Customs data confirmed Chinese soybean imports in June jumped 71% and topped prior records, with 410 million bushels. The bulk of last month’s purchases came from Brazil
Preliminary volume estimates were for 142,350 contracts, falling moderately below Monday’s final count of 226,247.
Wheat prices were mixed but mostly higher on a round of short-covering amid expectations of a smaller crop coming out of Russia. September Chicago SRW futures rose 2.75 cents to $5.2750, September Kansas City HRW futures dropped 6 cents to $4.43, and September MGEX spring wheat futures picked up a penny to reach $5.1975.
The winter wheat harvest continues to move a bit closer to the finish line, moving from 56% complete a week ago up to 68% through July 12. Analysts expected a bit quicker pace, with an average trade guess of 70%. This year’s progress remains slightly faster than the prior five-year average of 66%.
Spring wheat harvest will also kick off in a few short weeks, with 80% of the crop now headed. That’s above 2019’s pace of 72% but behind the prior five-year average of 85%. Quality-wise, USDA docked the crop another two points, with 69% of the crop now rated in good-to-excellent condition.
Russian consultancy Sovecon has lowered its estimates for the country’s 2020 wheat production by 1.4% to 2.928 billion bushels, citing drought stress in Russia’s southern regions. Russia is the world’s No. 1 wheat exporter (technically No. 2, if you consider the European Union as a single exporting unit).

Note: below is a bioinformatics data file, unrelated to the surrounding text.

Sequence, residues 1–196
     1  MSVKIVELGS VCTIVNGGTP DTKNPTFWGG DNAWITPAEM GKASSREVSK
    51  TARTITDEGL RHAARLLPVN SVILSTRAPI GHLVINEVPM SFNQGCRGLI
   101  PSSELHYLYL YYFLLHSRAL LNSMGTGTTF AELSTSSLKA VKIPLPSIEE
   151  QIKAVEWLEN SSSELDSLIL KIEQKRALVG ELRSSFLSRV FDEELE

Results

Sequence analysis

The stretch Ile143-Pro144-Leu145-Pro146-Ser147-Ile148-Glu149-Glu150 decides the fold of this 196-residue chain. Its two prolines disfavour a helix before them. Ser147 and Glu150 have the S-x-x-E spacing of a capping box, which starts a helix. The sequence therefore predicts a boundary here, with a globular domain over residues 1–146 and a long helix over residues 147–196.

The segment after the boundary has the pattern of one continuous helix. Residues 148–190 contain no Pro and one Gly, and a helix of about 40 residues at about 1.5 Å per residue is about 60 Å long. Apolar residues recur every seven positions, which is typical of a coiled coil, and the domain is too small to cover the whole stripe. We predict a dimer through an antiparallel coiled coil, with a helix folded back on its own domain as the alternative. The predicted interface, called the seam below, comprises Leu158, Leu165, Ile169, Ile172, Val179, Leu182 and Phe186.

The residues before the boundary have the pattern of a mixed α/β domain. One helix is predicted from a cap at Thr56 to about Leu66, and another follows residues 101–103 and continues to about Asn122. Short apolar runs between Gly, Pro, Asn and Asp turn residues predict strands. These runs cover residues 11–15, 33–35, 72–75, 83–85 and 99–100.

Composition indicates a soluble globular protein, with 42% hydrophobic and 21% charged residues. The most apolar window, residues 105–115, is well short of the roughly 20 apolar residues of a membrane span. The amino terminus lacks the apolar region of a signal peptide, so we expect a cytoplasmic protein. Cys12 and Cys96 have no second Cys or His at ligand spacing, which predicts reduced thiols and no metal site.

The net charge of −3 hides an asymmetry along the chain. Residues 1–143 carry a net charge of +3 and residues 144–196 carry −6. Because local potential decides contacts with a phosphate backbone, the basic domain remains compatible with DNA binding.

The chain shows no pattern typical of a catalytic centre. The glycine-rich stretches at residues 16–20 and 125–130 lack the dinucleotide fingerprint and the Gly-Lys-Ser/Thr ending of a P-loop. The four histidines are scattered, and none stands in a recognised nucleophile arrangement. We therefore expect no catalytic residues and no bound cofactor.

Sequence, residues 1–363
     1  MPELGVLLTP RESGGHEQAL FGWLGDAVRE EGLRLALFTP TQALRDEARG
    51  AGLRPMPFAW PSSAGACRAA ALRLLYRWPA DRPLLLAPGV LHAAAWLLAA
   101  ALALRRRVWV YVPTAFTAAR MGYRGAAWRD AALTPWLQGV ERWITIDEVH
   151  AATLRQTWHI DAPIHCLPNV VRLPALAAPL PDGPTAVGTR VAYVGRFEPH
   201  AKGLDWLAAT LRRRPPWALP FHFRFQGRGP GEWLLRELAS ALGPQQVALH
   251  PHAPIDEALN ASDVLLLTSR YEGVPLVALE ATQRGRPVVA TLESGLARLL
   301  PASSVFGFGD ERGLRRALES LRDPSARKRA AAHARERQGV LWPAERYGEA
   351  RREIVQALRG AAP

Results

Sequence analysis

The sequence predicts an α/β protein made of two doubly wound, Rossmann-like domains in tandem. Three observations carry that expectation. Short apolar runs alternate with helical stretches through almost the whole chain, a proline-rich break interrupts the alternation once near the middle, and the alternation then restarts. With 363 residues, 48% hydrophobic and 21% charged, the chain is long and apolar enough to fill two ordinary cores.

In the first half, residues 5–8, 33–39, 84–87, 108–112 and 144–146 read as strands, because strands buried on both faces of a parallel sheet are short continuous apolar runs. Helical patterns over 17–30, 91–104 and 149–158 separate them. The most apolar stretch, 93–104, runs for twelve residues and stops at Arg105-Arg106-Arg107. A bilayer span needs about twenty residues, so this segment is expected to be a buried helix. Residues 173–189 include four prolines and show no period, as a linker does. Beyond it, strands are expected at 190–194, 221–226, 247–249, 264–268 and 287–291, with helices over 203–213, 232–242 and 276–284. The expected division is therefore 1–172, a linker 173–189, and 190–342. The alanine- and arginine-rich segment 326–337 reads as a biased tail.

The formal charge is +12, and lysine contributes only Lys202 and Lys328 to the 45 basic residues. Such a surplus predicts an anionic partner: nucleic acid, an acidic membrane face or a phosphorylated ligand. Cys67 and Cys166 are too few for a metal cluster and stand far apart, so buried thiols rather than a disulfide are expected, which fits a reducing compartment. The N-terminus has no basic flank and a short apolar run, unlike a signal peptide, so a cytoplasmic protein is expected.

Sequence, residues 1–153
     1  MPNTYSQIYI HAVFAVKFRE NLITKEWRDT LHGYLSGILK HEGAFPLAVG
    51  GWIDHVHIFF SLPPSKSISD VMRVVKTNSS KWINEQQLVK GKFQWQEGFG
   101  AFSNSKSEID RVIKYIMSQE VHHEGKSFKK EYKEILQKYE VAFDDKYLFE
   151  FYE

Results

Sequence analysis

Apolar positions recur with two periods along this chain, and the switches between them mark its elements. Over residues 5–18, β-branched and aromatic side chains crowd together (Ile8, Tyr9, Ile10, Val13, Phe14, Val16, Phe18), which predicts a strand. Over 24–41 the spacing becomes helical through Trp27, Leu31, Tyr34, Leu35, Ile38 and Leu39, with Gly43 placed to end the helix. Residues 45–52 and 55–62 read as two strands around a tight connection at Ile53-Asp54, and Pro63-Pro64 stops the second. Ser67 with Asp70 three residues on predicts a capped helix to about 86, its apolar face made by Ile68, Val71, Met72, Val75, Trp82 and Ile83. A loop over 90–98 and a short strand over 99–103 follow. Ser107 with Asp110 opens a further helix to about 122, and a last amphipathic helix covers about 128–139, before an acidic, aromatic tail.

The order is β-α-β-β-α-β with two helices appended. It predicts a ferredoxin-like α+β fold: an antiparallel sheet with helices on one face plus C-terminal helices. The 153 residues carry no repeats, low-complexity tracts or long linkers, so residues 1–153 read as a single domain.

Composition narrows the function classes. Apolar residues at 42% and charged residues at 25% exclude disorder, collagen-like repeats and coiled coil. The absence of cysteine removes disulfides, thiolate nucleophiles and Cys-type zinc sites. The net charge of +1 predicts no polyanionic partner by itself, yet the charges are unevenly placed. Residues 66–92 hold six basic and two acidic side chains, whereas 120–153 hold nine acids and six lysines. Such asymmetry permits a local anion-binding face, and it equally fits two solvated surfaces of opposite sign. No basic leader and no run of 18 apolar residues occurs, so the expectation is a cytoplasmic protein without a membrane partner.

In Ukraine, analyst APK-Inform boosted the country’s wheat production estimates by 3.3% to reach 929.6 million bushels. Ukraine’s wheat exports for 2020/21 also received an upward revision, now at 635.7 million bushels.
Egypt purchased 4.2 million bushels of wheat from Russia in an international tender that closed earlier this week. The grain is for shipment in late August.
Japan is seeking to purchase 4.6 million bushels of food-quality wheat from the United States, Canada and Australia in a regular tender that closes later this week. Of the total, 56% is expected to be sourced from the U.S.
Jordan purchased 2.2 million bushels of hard milling wheat from optional origins in at ender that closed earlier today. The grain is for shipment in late December.
Preliminary volume estimates were for 75,322 CBOT contracts, spilling moderately below Monday’s final tally of 123,210.
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|Crude Oil $/barrel||*Energy prices may not represent final settlements|
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|UAN (32%) New Orleans||129.0||-1.65|